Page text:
Writing in the Dark


Surprise, surprise. Seriously. I was not only able to write 5 pages this morning, they were actually fairly decent pages to boot. My normal output at 4 in the morning is about 3 pages, maybe a paragraph or two more, but then those are often laboriously produced, not-so-great pages that make me wince even as I type them. I plow on, of course, because that’s what beginning writers with little faith in themselves do, but it’s definitely a struggle.

Today, however, while I didn’t exactly create Shakespearean prose, I’ll be the first to say that those 5 pages weren’t half bad. God knows if they’ll end up in the final draft, but for now I’m happy and astounded that I was able to produce them at all. It really does help to stay with the novel on a regular basis, preferably daily, because it makes it easier to return to it every morning or night and pick up right where you left off. I’m really beginning to understand the characters a little more than I did when I first started, despite the fact that I had full-blown character sketches. It helps that, for the moment, my main characters are taking up most of the room, with only a few minor characters whom I hadn’t developed beforehand popping in for occasional visits.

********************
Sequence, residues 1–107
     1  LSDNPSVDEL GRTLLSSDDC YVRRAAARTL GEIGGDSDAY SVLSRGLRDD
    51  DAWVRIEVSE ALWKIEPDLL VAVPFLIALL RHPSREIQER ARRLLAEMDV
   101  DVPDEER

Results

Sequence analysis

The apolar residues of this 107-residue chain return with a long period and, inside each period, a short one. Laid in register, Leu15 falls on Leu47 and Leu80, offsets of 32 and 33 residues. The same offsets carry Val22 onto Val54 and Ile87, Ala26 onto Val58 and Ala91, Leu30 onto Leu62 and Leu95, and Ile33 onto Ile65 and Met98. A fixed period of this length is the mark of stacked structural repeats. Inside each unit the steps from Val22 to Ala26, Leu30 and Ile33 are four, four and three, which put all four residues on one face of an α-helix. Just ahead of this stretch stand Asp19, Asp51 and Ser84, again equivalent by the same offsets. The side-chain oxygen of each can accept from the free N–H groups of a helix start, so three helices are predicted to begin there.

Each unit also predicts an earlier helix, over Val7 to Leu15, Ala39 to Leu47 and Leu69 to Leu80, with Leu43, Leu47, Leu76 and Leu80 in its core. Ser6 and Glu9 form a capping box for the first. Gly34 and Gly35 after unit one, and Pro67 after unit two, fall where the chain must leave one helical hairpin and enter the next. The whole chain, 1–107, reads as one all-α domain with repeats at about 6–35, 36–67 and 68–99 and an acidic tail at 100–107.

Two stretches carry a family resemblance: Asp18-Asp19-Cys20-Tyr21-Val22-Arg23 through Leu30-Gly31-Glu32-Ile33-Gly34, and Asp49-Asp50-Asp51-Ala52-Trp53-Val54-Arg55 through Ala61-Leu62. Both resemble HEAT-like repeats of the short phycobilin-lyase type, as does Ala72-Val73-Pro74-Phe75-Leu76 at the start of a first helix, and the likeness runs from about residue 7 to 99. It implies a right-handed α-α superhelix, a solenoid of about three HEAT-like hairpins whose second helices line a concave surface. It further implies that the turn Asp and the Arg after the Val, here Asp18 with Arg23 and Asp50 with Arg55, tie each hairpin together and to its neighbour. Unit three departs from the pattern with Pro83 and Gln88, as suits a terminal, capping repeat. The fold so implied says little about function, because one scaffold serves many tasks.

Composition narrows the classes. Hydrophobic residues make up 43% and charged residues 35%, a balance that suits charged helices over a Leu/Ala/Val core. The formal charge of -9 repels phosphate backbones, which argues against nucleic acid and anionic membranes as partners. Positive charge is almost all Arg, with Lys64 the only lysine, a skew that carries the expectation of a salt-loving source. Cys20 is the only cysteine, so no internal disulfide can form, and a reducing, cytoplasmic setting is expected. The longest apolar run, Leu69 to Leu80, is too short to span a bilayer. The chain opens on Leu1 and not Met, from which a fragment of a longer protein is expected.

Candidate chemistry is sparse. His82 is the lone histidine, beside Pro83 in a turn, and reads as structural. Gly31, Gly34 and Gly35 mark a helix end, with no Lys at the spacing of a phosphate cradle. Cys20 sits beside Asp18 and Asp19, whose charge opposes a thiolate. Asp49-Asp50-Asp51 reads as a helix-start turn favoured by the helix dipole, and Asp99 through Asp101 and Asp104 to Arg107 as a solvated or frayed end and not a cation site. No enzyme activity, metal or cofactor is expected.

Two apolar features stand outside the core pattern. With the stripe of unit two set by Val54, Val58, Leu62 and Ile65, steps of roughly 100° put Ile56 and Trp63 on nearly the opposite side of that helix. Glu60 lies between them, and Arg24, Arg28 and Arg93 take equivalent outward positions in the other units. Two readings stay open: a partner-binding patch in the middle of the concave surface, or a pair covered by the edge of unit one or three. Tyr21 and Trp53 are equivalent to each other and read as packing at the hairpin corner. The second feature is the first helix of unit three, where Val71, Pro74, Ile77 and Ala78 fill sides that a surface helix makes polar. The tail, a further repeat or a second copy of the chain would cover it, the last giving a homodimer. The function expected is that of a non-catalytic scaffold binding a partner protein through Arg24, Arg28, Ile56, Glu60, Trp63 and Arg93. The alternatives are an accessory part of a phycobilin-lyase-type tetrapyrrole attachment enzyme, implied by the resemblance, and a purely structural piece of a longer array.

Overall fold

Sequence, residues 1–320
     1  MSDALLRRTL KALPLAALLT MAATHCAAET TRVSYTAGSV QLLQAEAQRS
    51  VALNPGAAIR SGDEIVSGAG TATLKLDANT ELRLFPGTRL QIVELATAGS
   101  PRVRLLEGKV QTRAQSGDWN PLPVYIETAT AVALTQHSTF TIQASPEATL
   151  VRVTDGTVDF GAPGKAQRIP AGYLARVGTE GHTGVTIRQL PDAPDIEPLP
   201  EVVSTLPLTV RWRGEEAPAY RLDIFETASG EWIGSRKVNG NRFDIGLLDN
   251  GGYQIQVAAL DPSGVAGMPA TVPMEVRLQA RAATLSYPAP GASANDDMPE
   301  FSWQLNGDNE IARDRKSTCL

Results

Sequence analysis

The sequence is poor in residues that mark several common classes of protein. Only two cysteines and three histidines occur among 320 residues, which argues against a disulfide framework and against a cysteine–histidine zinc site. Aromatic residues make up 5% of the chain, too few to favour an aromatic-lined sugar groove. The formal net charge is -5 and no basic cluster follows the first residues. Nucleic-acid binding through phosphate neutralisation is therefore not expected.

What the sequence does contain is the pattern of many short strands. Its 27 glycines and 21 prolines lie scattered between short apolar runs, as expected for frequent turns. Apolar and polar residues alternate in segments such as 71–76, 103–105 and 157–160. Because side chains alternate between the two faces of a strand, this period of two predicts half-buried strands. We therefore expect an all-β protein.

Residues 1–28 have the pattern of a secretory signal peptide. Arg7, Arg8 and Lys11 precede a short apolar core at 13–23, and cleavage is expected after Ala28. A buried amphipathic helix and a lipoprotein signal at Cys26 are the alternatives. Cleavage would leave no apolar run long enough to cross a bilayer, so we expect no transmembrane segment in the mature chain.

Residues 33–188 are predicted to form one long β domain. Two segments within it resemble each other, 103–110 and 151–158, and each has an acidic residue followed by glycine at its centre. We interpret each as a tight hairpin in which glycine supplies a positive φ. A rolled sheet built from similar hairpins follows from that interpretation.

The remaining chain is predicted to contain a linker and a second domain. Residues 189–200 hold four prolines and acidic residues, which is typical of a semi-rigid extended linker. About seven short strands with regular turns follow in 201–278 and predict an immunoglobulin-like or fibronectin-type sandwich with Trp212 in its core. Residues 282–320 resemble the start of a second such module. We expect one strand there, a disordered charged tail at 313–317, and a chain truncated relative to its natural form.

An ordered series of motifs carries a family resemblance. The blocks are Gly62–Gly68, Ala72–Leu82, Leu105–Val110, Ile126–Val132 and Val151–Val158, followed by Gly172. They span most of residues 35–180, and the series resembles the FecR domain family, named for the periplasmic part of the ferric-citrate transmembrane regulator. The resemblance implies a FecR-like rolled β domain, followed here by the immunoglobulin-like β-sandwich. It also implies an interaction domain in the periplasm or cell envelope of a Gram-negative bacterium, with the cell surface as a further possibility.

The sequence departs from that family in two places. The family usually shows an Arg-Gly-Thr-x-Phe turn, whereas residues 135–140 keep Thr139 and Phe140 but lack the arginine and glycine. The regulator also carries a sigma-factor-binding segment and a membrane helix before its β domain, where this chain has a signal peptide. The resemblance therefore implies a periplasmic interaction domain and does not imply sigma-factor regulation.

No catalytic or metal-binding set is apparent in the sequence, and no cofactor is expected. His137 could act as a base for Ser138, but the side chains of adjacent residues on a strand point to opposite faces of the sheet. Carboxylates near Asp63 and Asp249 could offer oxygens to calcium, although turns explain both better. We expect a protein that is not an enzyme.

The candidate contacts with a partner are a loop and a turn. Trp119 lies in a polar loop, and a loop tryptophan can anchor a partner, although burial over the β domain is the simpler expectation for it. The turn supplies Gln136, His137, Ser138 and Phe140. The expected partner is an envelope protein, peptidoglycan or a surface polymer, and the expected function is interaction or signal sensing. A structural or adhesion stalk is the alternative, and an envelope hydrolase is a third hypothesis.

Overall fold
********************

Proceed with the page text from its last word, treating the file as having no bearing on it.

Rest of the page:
I think this book about Ray Bradbury that I’m currently reading before bedtime is helping tremendously. I was intrigued by a small book about writing that I found at Borders the other day, a little volume by Bradbury and a comment he made in an interview about how it took him less than a week to write Fahrenheit 451, one of his most well-known classics. I couldn’t believe that a book so compelling could have been produced in so little time, so I wanted to know more about the man as writer.

What inspired me most about his story was how incredibly self-confident he was about his writing, from the time he was a child all through adulthood. He was a gregarious kid and practically crackled with overflowing energy, and he was able to channel all of that into this unbelievable, unshakable faith in his vocation.